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Media Release: Oil sector using election-style marketing techniques to drum up support

 

Watch for these techniques to spread to other sectors and other issues, says researcher

CALGARY, May 30, 2016 — The Canadian oil sector has pioneered the use in Canada of marketing techniques normally associated with election campaigns— techniques that actively seek out people who support their views and encourage them to make that support public.

A University of Western Ontario researcher says the move is the leading edge of a trend towards importing sophisticated, American-style marketing efforts into Canada.

The trend is not limited to the oil sector, he adds, saying we can expect to see it spread to other sectors and to other issues.

Adam Harmes is an associate professor at Western’s Department of Political Science and the author of a study of lobbying and political marketing in the Canadian oil sector. He is presenting the results of his study at the 2016 Congress of the Humanities and Social Sciences in Calgary.

Harmes looks at the rise of what he calls ‘campaign-style advocacy’ and business-sponsored ‘grassroots lobbying’.

“The oil companies are the leading edge on this,” he says, explaining it’s probably because petroleum is a hot issue and oil companies have a lot of money. This has allowed them to seek out and implement new techniques.

One technique he describes involves businesses tapping into the public to create grassroots support.

A true grassroots organization, he says, arises spontaneously when people mobilize around an issue that they care about. Grassroots organizations carry a lot of weight because they are perceived to express the will of the people.

In the past, some business interests have tried to capitalize on the credibility of grassroots organizations by setting up fake grassroots groups—groups that only look like they have popular support, but which in reality are sponsored and paid for by business. Harmes calls these ‘Astroturf groups.’

What’s new, he says, is the rise of something in between: business-sponsored grassroots groups.

Like the Astroturf groups, they are created and supported by business.

But like true grassroots groups, their members are individuals who genuinely believe in the cause. Except that it’s the company or organization that is mobilizing them.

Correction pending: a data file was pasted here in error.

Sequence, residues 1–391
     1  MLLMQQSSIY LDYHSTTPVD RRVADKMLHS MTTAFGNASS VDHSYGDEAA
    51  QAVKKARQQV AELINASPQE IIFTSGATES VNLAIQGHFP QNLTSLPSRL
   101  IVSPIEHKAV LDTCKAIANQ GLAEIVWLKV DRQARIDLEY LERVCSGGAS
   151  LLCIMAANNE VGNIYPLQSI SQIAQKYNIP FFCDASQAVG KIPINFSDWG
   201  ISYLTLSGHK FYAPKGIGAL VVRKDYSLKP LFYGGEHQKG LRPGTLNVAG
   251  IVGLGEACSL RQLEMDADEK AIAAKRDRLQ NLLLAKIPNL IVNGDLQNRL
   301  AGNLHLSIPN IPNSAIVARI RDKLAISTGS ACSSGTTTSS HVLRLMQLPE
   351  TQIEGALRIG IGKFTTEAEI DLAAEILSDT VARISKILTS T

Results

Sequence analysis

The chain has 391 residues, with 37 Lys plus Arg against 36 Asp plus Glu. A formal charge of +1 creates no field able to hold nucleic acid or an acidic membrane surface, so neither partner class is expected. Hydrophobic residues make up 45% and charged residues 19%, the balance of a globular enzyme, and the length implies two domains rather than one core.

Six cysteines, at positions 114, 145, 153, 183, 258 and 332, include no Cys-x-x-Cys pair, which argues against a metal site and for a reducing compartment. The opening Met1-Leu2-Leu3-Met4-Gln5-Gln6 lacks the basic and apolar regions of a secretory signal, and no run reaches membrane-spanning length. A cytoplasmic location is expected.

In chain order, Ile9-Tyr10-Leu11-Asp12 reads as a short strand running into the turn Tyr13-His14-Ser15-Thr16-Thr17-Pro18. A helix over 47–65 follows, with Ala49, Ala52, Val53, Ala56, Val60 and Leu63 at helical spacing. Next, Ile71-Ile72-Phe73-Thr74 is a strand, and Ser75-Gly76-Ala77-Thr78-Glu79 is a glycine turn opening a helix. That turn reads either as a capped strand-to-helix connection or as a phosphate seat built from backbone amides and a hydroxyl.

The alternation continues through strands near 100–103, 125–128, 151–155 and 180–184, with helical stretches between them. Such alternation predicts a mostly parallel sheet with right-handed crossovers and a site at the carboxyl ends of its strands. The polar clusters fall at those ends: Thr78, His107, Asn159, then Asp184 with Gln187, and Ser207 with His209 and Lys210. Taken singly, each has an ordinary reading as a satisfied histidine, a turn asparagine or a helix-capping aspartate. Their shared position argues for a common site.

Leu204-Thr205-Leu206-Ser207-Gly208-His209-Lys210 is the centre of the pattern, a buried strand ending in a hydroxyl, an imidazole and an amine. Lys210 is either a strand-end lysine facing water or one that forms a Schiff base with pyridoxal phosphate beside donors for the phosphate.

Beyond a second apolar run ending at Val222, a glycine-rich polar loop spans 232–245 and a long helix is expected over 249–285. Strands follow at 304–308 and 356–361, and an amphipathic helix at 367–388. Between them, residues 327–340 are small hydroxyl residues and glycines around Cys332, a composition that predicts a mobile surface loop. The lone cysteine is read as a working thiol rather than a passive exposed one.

Harmes points to a campaign being run by the Canadian Association of Petroleum Producers, Canada’s Energy Citizens, as an example. It is based on a U.S. model, energycitizens.org.

Harmes says social media and sophisticated research techniques are what allow campaigns like these to flourish.

Companies use market research to identify individuals who are sympathetic to their cause. They then recruit those people through social media campaigns. Once a database of sympathetic individuals has been created, they mobilize them to take action. For example, a supporter might get an email asking them to share something on their Facebook page.

Harmes says that the people will be pushed over time towards higher and higher levels of engagement. They might be asked to write letters to politicians, for example, or attend public meetings.

“These kinds of things are spread more widely in the U.S. because the technology is there,” he says. “More and more consultants are importing these techniques into Canada from the U.S. And costs are coming down because you do this through social media.”

As a result, he says we can expect to see more campaigns like these.

Adam Harmes will be presenting this research on June 1 at the 2016 Congress for the Humanities and Social Sciences in Calgary. This presentation is called “Lobbying and Political Marketing in the Canadian Oil Sector” and will take place at 3:45-5:15 pm in the Science Theatres - 130 on the University of Calgary campus.

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